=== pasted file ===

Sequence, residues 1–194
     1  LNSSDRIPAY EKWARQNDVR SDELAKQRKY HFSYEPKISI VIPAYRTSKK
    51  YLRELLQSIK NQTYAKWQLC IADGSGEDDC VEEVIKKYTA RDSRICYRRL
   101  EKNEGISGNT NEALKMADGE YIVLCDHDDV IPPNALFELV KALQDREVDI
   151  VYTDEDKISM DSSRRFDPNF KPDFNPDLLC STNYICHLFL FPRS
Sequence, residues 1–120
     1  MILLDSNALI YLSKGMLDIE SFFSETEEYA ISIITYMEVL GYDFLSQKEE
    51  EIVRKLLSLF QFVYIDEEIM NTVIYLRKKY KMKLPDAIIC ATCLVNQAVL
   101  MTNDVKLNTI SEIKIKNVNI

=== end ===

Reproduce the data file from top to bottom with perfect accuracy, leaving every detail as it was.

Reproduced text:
Sequence, residues 1–194
     1  LNSSDRIPAY EKWARQNDVR SDELAKQRKY HFSYEPKISI VIPAYRTSKK
    51  YLRELLQSIK NQTYAKWQLC IADGSGEDDC VEEVIKKYTA RDSRICYRRL
   101  EKNEGISGNT NEALKMADGE YIVLCDHDDV IPPNALFELV KALQDREVDI
   151  VYTDEDKISM DSSRRFDPNF KPDFNPDLLC STNYICHLFL FPRS
Sequence, residues 1–120
     1  MILLDSNALI YLSKGMLDIE SFFSETEEYA ISIITYMEVL GYDFLSQKEE
    51  EIVRKLLSLF QFVYIDEEIM NTVIYLRKKY KMKLPDAIIC ATCLVNQAVL
   101  MTNDVKLNTI SEIKIKNVNI